Your effectiveness as a teacher has a direct correlation with the depth of your own personal practice -Jeremy Hunter
Many years ago I was sitting on a mountain in South Africa. It was a warm summer day in Cape Town and I was soaking in the sun on a perch overlooking the magnificent Camps Bay. I was nearing the end of a consulting project in the region and had been mulling over my next steps of a while. I resolved that day I was going to decide what I wanted to do next with my life. No small resolution, but it was time.
I asked myself three questions: “What do I enjoy doing? What am I good at? What makes a difference in the world?” In response to all three questions one word emerged: “teaching”. I received fulfillment from helping others learn, perceived I was pretty good at, and felt a quality teacher could make a tremendous difference. Plus, both my parents were teachers so I had some ancestral momentum.
Okay, so what would I teach? The most meaningful thing I had been taught was mindfulness: learning how to be more fully awake to the experience of life as it was unfolding moment by moment.
Decision made; I would teach mindfulness.
Now the question was “Where do I begin?”
A few months after my cliff-side epiphany I found myself having lunch in Los Angeles with Jeremy Hunter, a meditation teacher and college professor who lived for 17 years with a potentially terminal illness and lives to tell the tale. In the course of our conversation, I asked him about how one goes about teaching mindfulness, and he dropped this:
Your effectiveness as a teacher has a direct correlation with the depth of your own personal practice.
It went off like a bomb; the impact resonated and my future direction became clear: The way out was to go in.
Sometime after that conversation I found myself on a Mindfulness Tour of universities and then at Plum Village Monastery for the winter, the home of Zen Master Thich Nhat Hanh. I was taking a leave of absence from my career as a corporate consultant, and at the end of the winter was faced with a decision: go back to management consulting or resign to face the great unknown. I recalled Jeremy’s transmission and knew that if I truly wanted to teach I needed to keep training.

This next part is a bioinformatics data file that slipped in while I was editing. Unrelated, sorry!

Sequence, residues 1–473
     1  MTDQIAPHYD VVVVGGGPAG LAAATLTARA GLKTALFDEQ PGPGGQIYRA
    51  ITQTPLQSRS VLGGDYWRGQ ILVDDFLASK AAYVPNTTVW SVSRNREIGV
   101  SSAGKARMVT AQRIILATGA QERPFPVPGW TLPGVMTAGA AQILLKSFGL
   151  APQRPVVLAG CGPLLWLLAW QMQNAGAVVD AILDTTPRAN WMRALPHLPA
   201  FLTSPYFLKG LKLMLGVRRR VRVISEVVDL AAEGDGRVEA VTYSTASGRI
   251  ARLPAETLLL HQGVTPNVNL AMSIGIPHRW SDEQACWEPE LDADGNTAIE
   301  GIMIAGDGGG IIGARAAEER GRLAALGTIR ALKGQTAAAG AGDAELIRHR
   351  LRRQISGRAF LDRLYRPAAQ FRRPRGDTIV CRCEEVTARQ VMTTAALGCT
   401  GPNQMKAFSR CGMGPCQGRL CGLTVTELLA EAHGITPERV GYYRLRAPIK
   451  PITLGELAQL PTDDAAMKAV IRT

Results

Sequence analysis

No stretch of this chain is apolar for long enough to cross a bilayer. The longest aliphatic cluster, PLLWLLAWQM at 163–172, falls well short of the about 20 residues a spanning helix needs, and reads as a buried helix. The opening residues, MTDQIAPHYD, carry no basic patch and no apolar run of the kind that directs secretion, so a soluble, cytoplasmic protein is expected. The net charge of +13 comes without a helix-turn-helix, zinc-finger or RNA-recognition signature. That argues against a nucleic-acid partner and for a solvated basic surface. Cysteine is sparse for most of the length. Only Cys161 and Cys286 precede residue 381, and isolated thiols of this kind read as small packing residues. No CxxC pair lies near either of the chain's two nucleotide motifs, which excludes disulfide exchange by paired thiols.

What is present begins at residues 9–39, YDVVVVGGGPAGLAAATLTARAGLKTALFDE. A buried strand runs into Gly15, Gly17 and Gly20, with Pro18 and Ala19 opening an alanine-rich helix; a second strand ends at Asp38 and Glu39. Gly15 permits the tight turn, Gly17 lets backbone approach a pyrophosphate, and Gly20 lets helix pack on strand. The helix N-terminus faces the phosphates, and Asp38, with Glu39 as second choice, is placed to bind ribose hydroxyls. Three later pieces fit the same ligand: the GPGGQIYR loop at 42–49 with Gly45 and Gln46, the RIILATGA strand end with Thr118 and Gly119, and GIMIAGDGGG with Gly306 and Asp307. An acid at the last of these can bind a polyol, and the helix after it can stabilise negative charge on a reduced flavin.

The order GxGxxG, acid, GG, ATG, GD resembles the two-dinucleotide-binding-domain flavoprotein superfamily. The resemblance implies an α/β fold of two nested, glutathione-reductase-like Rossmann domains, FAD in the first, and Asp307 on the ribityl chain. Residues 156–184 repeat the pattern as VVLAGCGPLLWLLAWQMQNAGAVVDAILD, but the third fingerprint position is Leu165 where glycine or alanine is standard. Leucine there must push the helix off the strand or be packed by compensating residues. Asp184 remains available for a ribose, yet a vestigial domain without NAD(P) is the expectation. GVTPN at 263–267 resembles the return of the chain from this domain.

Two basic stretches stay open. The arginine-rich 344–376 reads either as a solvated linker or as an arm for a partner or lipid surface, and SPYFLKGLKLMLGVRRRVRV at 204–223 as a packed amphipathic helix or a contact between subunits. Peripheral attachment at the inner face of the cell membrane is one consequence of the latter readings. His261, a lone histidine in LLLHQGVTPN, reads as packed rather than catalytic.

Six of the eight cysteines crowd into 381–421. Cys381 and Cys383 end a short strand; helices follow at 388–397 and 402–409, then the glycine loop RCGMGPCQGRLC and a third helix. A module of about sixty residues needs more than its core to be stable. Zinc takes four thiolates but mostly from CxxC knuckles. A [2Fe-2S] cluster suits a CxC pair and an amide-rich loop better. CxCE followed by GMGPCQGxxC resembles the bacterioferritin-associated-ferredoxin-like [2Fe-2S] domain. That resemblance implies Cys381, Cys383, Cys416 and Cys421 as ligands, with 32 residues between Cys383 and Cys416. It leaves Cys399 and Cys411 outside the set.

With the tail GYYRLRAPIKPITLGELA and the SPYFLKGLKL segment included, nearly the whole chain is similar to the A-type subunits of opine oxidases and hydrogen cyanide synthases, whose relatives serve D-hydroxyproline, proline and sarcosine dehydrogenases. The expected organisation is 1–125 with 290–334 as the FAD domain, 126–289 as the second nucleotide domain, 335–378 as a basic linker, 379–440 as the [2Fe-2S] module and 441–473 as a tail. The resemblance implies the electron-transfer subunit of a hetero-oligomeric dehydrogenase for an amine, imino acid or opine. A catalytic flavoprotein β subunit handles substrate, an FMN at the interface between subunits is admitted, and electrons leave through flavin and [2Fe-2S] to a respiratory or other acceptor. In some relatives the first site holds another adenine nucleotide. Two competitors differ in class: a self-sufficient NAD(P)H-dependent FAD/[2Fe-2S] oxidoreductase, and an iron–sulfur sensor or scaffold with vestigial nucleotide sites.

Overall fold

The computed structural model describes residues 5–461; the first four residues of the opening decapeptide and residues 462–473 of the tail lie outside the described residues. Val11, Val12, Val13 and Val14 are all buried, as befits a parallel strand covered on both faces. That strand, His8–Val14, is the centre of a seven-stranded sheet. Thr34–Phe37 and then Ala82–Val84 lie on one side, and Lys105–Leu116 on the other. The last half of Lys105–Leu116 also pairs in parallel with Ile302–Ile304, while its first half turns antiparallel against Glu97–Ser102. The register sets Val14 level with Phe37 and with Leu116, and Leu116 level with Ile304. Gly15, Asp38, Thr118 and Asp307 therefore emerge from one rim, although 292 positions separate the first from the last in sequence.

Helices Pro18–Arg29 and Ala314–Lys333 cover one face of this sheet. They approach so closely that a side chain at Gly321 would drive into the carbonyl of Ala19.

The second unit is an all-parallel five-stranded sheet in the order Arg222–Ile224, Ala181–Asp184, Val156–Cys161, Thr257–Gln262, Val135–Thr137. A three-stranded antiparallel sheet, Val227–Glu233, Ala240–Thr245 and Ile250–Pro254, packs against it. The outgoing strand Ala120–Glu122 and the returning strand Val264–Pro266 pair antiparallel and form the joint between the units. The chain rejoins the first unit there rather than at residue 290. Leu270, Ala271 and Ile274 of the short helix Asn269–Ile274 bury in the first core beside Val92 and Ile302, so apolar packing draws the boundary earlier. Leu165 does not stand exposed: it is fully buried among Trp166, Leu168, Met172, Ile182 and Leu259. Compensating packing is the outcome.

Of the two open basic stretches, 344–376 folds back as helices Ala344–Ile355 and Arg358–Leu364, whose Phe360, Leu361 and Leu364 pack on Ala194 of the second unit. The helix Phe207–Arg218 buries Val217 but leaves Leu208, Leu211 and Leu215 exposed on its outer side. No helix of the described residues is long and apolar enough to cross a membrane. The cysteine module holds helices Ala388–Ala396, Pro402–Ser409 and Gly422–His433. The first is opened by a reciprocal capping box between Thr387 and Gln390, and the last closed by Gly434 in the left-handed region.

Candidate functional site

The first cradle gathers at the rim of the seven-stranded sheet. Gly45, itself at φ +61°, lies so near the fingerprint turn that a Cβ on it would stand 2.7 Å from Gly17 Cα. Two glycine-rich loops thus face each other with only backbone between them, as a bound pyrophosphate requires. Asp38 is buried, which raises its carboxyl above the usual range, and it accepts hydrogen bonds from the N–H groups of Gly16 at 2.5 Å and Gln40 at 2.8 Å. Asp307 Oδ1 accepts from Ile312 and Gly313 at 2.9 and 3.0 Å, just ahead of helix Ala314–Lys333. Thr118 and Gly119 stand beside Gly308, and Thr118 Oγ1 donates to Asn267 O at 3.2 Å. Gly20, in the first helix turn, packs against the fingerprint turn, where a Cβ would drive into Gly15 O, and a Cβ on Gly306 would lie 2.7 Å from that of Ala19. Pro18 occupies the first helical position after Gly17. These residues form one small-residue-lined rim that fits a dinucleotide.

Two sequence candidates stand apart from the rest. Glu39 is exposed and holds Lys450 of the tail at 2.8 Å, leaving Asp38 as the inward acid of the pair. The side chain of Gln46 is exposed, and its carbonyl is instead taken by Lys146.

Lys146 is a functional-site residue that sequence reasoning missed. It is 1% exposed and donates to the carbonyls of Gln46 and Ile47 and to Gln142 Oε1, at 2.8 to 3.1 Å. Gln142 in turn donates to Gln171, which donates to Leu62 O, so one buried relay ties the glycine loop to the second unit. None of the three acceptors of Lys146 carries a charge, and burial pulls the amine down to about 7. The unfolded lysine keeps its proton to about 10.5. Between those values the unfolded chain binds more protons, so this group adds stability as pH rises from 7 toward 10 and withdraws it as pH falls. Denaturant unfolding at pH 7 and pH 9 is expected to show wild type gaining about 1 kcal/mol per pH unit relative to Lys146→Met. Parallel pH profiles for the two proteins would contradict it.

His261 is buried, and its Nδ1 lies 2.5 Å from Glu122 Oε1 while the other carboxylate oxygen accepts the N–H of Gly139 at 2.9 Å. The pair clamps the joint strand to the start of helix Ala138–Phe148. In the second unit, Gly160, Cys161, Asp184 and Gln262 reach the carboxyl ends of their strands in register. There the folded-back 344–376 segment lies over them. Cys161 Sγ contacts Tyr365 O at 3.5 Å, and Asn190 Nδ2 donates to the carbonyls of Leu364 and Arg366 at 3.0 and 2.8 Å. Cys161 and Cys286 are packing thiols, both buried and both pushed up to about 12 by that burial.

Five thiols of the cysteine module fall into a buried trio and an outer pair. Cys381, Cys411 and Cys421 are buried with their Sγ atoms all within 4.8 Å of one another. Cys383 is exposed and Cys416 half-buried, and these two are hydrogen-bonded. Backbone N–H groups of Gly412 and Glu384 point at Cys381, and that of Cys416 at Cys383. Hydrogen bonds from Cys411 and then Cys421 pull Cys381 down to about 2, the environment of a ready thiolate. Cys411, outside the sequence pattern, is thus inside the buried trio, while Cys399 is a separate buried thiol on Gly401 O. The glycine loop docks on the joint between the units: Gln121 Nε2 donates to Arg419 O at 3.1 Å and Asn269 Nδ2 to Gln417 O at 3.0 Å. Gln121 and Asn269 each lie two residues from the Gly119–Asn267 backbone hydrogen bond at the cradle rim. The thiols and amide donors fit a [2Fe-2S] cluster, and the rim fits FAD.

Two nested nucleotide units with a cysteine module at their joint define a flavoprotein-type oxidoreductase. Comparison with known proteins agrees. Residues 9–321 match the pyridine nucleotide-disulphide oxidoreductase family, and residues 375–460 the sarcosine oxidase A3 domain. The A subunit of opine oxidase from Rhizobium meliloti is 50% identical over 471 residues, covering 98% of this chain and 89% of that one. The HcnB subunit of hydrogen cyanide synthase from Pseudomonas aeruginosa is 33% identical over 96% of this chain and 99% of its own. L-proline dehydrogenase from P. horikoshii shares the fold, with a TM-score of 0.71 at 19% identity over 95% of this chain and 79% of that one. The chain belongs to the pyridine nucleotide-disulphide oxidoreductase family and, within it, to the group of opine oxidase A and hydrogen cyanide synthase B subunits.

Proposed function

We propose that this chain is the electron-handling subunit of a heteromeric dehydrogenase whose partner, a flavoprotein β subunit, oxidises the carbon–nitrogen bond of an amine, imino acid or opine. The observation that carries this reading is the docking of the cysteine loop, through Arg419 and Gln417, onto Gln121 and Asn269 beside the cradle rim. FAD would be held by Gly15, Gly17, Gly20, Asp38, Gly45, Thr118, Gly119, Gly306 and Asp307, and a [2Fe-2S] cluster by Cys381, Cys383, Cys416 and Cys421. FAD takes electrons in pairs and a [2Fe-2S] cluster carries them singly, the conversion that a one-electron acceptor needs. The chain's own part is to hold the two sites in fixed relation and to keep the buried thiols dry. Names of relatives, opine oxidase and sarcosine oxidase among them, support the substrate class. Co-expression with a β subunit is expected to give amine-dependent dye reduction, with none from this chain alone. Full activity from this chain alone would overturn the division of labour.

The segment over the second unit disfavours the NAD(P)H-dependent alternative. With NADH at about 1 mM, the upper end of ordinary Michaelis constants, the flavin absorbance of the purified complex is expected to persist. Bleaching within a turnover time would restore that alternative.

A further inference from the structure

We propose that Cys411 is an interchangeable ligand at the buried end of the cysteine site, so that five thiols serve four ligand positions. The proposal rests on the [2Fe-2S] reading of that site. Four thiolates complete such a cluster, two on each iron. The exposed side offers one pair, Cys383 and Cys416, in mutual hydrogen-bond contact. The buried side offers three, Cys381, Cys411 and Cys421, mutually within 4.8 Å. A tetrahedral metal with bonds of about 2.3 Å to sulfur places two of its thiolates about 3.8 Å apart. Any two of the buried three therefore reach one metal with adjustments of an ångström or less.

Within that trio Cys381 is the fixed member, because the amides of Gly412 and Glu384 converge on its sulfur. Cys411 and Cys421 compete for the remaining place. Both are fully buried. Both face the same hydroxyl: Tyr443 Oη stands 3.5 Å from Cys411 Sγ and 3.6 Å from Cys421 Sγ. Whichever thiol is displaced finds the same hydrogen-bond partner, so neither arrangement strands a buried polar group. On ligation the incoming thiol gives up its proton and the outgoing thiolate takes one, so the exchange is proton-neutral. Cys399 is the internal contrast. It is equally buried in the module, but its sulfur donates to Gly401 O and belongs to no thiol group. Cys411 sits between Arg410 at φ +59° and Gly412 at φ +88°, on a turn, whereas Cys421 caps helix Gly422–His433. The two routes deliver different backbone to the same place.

I had entered the monastery with the attitude that I was there to build bridges, and while that was (and still is) a noble aspiration, I realized that first there was some necessary foundational work to engage with…suffering that had been unattended to amidst the initial rush of wanting to save the world. Jon Kabat-Zinn gets at this by recommending that for the first five years that you meditate to not really tell anybody; every time you want to talk about your meditation just sit and meditate. Otherwise before long you’ll be telling everyone about how great this whole meditation thing is, and all your energy will start going into PR. Before you know it you’ll be too busy to meditate.
A few months residing at a practice center was enough to show me I needed at least three years of concentrated practice before even considering branching out to offer practice to others.
So I resolved to spend the next phase of my life residing at mindfulness practice centers, which, in practical terms, meant explaining to my parents why I was giving up a prestigious career to volunteer at some monastery in the woods. Fortunately they understood…kind of.
Now a number of years later, as I venture into the waters of facilitating and teaching, I continue coming back to this transmission whenever I am considering my readiness to teach. As a teacher I aim to have full integrity, which to me means only teaching from my own direct experience, and not relying too much on things I’ve read, heard others say, or just thought about.
While I know the path is long and that I still have a ways to go, I take refuge in the commitment I’ve made to live each day as if it really mattered, as if the quality of my life depended on it…because, in reality, it does.